Just 1 percent of Amazon’s trees hold half of its carbon

Big, abundant species outweigh their neighbors when it comes to keeping greenhouse gases out of the air

Amazon rainforest

THE 1 PERCENT  The trees of the Amazon rainforest hold a lot of carbon, but around half of the rainforest’s carbon storage is wrapped up in just 1 percent of its tree species.

Andreas Kay/Flickr (CC BY-NC-SA 2.0)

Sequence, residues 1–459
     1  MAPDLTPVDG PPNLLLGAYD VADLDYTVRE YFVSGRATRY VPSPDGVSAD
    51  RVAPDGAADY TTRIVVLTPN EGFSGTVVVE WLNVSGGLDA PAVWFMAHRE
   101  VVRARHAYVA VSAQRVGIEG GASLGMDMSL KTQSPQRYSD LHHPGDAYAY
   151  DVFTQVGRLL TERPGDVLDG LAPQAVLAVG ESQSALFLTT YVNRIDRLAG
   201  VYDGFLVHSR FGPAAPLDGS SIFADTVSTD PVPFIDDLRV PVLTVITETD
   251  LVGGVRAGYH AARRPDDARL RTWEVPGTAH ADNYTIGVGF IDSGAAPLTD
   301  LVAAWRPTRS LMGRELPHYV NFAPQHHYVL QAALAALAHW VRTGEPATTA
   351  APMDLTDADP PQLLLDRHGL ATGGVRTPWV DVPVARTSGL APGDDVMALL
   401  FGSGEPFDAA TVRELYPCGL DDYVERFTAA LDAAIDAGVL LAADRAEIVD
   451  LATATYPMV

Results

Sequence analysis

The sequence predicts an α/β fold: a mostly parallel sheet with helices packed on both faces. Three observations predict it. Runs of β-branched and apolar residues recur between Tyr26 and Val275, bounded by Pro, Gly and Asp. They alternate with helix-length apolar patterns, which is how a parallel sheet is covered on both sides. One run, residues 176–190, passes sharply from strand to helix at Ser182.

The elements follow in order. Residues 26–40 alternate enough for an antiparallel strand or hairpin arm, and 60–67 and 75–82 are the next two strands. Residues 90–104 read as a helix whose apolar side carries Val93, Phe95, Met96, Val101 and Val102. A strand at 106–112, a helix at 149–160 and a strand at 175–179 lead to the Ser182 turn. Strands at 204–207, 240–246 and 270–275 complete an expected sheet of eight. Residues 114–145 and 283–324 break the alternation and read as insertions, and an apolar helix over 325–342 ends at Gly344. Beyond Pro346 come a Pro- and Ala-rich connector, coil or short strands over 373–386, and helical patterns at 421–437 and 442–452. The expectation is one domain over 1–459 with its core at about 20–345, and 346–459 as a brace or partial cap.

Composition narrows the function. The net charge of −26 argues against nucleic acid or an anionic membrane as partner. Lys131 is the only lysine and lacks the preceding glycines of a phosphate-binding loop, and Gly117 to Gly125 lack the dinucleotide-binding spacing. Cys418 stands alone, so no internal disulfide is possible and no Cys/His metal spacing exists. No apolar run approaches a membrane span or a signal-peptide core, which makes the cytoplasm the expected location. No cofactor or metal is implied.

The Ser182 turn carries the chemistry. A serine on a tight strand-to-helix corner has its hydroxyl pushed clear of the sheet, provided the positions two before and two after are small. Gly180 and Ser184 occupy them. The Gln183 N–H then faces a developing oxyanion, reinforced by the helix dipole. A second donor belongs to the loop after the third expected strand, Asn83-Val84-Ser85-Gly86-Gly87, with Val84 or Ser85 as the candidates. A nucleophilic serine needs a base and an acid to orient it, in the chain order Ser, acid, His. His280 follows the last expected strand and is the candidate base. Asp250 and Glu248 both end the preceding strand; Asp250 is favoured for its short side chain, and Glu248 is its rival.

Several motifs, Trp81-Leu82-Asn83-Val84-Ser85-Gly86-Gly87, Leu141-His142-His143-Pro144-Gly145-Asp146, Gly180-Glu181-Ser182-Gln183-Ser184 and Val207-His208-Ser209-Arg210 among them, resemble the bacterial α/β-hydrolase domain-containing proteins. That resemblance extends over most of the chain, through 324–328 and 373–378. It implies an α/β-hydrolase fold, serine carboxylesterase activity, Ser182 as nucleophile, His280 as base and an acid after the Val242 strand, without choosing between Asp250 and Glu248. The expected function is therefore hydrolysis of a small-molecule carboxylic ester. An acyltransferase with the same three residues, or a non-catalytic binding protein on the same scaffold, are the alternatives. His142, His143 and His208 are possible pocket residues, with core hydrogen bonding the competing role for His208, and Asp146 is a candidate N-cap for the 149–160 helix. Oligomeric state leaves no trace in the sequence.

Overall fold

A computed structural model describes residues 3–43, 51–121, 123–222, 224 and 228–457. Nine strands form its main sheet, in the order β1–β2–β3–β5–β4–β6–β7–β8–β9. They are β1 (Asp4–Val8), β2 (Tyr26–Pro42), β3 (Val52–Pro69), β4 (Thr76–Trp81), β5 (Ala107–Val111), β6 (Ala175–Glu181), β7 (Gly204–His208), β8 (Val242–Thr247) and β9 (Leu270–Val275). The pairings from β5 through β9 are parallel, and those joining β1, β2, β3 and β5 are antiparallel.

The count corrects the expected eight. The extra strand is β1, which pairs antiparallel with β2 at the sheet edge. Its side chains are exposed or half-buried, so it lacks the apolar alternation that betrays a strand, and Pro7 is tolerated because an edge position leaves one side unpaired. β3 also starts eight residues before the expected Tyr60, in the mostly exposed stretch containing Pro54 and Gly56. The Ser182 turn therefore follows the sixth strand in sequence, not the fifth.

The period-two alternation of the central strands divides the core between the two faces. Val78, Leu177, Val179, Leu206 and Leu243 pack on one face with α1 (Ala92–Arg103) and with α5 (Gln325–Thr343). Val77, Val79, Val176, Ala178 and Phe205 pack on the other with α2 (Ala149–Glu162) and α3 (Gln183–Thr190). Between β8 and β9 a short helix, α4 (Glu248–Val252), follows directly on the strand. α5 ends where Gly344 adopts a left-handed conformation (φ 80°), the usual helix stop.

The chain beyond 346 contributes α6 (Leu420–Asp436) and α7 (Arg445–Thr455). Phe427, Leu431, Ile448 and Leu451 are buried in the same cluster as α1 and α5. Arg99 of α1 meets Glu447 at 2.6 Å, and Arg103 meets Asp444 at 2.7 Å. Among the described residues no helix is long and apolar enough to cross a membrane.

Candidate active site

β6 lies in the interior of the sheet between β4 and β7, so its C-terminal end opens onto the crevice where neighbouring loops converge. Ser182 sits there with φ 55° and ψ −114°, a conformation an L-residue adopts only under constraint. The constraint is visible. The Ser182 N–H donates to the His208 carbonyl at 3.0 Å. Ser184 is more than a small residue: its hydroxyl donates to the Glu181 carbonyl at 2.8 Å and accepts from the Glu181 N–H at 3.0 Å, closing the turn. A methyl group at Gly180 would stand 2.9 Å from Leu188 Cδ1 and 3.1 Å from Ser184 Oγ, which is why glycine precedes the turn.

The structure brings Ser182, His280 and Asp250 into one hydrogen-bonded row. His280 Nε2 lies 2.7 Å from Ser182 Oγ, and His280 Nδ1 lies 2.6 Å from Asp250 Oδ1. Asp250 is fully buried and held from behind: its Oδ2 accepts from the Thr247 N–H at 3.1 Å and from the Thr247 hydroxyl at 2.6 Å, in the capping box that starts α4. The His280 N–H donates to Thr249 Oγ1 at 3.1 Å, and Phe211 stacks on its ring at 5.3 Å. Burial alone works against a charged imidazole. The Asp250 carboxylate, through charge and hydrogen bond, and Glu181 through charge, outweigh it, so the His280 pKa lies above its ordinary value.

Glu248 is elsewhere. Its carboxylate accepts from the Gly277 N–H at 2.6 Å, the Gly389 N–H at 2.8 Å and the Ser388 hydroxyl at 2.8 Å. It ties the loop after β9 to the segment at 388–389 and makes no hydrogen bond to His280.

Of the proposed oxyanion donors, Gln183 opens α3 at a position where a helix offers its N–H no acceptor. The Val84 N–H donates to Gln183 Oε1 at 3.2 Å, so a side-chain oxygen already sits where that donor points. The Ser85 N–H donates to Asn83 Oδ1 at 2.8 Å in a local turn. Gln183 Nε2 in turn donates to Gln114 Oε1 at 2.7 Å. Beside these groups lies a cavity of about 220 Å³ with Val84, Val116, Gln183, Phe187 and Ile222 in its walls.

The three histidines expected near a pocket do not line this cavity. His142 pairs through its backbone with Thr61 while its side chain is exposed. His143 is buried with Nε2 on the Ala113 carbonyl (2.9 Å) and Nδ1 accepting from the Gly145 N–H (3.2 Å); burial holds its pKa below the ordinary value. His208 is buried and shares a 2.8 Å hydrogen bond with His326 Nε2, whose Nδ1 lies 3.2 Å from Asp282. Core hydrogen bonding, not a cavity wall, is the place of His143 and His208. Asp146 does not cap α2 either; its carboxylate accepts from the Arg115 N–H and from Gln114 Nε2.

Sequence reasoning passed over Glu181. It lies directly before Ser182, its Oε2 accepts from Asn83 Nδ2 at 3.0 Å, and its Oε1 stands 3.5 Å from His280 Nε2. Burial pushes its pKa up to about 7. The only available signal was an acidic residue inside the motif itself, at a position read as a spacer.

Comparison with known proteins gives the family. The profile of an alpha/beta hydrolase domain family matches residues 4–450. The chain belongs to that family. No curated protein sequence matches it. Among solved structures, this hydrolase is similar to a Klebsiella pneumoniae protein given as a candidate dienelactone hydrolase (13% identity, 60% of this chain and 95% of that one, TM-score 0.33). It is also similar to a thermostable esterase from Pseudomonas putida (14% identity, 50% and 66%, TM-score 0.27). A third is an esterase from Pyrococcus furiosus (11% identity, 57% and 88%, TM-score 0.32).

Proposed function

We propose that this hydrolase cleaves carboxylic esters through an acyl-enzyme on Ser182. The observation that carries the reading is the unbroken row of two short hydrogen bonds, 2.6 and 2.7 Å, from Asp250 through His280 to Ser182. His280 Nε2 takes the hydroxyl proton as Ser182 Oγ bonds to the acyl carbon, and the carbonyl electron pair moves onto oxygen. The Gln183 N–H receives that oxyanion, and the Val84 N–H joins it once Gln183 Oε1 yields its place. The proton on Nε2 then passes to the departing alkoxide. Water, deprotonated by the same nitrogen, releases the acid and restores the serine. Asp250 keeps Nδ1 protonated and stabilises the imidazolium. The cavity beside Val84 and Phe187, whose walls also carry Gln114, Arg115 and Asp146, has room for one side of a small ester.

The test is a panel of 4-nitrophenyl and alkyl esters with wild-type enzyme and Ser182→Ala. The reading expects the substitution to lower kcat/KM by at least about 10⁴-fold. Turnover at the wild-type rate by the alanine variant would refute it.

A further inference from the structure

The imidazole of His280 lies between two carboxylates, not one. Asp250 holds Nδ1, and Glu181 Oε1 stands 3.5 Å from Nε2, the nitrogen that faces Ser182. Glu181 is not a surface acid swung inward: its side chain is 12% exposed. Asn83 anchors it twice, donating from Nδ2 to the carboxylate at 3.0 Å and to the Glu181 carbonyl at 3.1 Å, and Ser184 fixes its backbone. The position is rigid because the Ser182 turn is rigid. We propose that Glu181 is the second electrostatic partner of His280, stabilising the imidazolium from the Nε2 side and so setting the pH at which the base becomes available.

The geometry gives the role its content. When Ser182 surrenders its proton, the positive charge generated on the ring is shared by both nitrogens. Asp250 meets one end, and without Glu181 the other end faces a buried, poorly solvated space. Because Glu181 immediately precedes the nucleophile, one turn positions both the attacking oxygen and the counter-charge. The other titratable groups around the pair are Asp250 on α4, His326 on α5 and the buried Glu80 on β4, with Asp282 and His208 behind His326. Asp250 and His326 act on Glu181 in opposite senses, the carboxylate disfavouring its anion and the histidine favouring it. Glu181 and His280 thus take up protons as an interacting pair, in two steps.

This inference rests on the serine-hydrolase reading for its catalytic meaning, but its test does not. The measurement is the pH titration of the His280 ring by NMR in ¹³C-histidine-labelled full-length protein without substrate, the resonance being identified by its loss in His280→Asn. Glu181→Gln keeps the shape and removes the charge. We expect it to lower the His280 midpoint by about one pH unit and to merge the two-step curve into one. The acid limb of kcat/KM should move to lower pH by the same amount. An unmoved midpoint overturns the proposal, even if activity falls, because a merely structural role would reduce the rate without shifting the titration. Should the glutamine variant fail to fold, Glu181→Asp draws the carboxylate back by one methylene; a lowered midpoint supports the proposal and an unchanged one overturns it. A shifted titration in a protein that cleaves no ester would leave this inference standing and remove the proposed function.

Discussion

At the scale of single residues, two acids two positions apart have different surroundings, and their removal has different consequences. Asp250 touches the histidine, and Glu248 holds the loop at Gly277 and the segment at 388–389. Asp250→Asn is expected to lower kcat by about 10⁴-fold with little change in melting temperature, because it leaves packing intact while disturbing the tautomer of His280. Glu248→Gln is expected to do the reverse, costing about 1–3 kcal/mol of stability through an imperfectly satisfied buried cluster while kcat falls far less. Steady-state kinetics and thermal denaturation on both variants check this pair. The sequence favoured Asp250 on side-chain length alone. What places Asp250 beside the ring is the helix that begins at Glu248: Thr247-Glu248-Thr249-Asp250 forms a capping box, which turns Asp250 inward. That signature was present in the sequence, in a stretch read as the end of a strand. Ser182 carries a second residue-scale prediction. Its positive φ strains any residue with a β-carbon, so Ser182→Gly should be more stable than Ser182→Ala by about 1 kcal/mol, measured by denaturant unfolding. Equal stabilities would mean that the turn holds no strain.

The Amazon rainforest holds more carbon than any other ecosystem, but only a handful of tree species do most of the work of keeping carbon out of the air. Surveying 530 areas throughout the rainforest, researchers found that roughly 1 percent of Amazonian tree species handle half of the forest’s carbon storage.

The Amazon holds about 17 percent of the carbon contained in land plants worldwide. While the forest hosts an estimated 16,000 tree species, the research team identified roughly 150 large, abundant species that remove the most carbon from the air.


More Stories from Science News on Ecosystems